Often, you will find that the AP Lit. and Comp. exam open ended questions will ask you to write about characters in novels who have been alienated from society. The "outcast" or "exiled" character is a common motif in literature because it often provides for a good old story of redemption and naturally lends itself to interesting conflicts and situations. Hundreds and hundreds of books have been written in American and World literature depicting characters who are the "misfits." Ironically, it is usually these characters who are the pioneers and free thinkers. These are the characters that are ahead of their time and try to burst through the restraints of social norms to do what they feel they must.
Perhaps the most notable outcast in literature is Huckleberry Finn because he supports the freeing of his friend Jim, which goes against all social norms. However, this is only one reason that Huck Finn is an outcast. He not only rejects the social norms of slavery, but also of religion, the heartless capitalistic schemes of the Duke and the King, and the "manners" and "sivilization" that the Widow Douglass tries to instill in him. But Huck isn't alone. He is Holden Caulfield in The Catcher in the Rye. He is Bernard Marx in Brave New World. He is Hassan in The Kite Runner. He is the rebellious side in all of us, and he is brave enough to live it!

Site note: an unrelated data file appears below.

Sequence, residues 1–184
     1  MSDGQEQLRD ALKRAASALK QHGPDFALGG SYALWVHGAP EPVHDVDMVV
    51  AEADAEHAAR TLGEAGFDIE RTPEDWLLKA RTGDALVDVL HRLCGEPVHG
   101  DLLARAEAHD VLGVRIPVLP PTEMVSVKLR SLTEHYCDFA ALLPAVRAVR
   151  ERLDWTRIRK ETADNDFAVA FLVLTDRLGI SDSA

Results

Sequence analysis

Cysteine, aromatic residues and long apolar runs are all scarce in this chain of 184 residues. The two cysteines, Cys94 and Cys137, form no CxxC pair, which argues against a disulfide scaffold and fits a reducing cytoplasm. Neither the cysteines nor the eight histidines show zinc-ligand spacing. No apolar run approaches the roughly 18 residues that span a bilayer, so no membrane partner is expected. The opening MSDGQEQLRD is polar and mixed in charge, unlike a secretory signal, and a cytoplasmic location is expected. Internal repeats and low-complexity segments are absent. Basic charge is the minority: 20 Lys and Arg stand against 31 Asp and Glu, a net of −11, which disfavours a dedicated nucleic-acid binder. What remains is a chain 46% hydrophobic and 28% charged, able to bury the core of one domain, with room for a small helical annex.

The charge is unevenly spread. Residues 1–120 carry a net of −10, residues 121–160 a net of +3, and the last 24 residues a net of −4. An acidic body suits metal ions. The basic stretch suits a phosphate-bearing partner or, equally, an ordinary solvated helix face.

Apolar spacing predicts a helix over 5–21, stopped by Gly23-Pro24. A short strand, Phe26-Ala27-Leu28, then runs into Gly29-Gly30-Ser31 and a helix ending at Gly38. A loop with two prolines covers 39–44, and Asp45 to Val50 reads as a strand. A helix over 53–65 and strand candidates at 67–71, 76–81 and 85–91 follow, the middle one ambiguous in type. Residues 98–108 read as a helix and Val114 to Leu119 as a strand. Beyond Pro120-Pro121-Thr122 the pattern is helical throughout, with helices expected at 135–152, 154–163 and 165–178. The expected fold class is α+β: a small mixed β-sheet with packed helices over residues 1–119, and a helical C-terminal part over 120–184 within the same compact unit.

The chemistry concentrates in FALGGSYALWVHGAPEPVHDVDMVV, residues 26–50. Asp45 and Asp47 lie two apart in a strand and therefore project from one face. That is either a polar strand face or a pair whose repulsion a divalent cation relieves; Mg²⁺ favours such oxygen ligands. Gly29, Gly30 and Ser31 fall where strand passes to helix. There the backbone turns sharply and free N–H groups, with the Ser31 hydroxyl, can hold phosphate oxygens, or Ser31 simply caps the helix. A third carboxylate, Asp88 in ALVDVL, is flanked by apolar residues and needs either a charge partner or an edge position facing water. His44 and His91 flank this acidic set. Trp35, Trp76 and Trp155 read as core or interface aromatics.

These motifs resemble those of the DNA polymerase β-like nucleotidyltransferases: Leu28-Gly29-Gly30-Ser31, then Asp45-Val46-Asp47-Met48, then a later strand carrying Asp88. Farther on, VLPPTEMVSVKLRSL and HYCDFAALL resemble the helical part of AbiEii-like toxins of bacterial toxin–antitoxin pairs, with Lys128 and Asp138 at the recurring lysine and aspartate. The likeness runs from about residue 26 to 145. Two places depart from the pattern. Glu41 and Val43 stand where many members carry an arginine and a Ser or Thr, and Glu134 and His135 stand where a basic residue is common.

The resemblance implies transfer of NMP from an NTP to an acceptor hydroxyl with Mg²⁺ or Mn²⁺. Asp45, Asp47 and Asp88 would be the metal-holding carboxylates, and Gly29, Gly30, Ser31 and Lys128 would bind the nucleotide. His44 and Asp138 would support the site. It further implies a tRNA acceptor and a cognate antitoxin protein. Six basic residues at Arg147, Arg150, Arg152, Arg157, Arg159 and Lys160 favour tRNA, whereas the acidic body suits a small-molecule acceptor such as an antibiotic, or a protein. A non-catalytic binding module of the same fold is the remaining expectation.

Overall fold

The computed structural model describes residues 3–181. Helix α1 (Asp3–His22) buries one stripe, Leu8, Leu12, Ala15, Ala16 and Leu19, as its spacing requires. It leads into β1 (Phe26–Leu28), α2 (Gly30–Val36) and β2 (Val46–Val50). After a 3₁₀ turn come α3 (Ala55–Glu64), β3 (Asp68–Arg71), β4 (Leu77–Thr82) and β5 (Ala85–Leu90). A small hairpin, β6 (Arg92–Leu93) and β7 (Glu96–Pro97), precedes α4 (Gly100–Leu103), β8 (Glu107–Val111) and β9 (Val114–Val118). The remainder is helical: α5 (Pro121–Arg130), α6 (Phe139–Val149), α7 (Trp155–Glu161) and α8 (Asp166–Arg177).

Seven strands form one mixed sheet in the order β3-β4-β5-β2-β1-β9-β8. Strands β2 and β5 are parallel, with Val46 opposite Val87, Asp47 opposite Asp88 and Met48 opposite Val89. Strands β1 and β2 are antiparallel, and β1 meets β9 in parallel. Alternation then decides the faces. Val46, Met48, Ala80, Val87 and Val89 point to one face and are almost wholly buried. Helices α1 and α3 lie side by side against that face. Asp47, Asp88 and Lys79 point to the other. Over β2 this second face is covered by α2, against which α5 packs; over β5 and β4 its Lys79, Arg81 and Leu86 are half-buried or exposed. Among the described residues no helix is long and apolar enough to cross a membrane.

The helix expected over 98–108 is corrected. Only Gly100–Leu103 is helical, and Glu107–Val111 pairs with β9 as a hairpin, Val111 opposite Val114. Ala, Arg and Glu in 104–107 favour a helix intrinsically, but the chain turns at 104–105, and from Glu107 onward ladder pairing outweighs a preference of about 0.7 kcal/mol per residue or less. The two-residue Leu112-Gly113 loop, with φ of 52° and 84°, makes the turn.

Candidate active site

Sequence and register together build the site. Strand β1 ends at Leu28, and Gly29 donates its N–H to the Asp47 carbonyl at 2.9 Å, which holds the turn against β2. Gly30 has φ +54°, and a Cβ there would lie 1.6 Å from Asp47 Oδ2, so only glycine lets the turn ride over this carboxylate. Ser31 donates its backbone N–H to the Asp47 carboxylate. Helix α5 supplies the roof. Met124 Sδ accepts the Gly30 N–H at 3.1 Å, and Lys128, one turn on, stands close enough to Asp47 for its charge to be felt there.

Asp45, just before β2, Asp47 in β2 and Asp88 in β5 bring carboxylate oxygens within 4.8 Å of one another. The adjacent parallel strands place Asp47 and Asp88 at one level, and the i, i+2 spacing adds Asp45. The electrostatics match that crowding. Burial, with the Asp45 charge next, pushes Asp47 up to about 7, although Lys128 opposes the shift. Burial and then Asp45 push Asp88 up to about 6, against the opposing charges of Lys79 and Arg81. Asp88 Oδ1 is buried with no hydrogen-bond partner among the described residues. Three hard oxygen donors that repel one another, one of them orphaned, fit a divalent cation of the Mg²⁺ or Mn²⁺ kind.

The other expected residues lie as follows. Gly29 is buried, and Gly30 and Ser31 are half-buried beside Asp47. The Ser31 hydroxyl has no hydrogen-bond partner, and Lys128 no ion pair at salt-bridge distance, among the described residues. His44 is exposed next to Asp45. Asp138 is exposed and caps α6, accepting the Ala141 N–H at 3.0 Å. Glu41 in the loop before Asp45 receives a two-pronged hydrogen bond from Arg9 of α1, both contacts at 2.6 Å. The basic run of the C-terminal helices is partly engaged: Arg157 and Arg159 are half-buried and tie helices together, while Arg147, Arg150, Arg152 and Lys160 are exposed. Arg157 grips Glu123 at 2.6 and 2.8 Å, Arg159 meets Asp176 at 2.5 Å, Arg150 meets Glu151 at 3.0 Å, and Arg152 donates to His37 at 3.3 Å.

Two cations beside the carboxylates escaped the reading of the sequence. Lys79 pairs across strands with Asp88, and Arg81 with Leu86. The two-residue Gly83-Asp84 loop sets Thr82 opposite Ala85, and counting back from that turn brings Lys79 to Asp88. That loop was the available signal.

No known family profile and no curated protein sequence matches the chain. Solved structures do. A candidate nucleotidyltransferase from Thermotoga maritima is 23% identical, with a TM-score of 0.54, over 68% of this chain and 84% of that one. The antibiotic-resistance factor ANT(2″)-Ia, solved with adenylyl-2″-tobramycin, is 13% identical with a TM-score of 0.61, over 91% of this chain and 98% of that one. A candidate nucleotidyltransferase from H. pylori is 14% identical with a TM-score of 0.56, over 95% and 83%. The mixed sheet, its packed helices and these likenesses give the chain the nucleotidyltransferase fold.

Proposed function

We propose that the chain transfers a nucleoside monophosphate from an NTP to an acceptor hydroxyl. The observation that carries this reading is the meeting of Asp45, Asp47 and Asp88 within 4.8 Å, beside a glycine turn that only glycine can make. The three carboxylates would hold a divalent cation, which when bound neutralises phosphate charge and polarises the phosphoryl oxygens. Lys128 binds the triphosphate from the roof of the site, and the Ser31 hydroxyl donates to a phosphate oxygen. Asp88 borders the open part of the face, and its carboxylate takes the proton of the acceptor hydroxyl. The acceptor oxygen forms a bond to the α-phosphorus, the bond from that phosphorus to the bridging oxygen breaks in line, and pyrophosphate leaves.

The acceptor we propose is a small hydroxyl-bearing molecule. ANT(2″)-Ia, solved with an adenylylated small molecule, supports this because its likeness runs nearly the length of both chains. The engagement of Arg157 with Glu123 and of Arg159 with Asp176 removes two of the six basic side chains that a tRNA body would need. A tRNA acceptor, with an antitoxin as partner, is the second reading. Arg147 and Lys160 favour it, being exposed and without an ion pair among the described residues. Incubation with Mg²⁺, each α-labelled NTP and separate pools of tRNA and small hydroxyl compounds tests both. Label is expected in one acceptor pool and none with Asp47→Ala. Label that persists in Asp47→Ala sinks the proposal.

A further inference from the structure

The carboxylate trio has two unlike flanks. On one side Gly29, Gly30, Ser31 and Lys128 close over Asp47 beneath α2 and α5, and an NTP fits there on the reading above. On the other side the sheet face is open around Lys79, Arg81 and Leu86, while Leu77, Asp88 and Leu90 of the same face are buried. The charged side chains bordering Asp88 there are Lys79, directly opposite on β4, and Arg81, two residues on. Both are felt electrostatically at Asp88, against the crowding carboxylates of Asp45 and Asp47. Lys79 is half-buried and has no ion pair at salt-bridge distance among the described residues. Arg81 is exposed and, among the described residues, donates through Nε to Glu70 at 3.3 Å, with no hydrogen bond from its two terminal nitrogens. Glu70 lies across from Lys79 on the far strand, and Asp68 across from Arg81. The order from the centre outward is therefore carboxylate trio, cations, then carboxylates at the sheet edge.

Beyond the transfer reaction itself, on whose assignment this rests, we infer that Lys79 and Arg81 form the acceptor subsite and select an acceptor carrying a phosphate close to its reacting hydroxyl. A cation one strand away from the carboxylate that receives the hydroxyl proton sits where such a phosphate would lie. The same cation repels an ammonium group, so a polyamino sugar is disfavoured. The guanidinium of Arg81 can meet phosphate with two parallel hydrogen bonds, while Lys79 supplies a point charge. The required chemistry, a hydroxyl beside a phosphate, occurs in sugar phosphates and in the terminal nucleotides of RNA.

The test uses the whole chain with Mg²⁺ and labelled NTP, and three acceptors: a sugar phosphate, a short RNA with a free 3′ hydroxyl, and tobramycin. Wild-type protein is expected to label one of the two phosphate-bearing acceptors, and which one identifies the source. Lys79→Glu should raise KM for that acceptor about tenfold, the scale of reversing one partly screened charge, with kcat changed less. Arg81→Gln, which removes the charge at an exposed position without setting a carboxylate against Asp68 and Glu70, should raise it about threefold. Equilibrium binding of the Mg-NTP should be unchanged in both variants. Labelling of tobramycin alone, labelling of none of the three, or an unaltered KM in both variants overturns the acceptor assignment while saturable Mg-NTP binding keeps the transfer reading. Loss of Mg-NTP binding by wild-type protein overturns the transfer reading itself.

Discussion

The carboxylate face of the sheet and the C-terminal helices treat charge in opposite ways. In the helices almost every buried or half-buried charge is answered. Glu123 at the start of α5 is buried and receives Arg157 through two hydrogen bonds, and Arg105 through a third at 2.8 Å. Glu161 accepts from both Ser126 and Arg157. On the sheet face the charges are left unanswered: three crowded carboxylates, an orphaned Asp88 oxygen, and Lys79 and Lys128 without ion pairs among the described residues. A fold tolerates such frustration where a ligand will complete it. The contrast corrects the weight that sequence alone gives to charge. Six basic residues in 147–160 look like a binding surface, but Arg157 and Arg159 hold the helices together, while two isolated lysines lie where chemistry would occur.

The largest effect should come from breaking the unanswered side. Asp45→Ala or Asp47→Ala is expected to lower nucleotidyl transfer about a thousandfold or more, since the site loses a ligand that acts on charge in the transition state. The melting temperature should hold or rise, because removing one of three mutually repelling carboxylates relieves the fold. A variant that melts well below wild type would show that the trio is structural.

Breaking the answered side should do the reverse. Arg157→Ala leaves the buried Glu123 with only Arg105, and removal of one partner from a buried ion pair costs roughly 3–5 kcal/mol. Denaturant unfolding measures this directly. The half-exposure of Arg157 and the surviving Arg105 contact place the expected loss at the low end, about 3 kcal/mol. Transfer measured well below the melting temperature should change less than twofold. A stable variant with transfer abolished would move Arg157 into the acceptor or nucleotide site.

For this project you will choose one of the following novels to read over the next five weeks. You will have a weekly “small” assignment with your novel and final presentation to give after reading your novel. You should also keep a dialectical journal of at least three pages per week (total of 12 pages). I caution you NOT to choose a book based on length alone. You might be more successful in choosing a book that deals with a topic of interest for you.
Heart of Darkness by Joseph Conrad,
Catcher in the Rye by J.D. Salinger (can’t have read for banned book)
Invisible Man by Ralph Ellison
The Kite Runner by Khaled Hosseini
The Namesake by Jhumpa Lahiri
The Secret Life of Bees by Sue Monk Kidd
The Metamorphosis by Franz Kafka
The Poisonwood Bible by Barbara Kingsolver
Robinson Crusoe by Daniel Defoe
One Flew over the Cuckoo’s Nest by Ken Kesey
Oryx and Crake by Margaret Atwood (see me before choosing this book).
When I Was Puerto Rican by Esmeralda Santiago
Grendel by John Gardner
Breakfast at Tiffany's by Truman Capote
Things Fall Apart by Chinua Achebe
Fade by Robert Cormier
OR if you have never read The Adventures of Huckleberry Finn... see me. You might want to read it because it can be used for so many different types of questions on the AP Exam.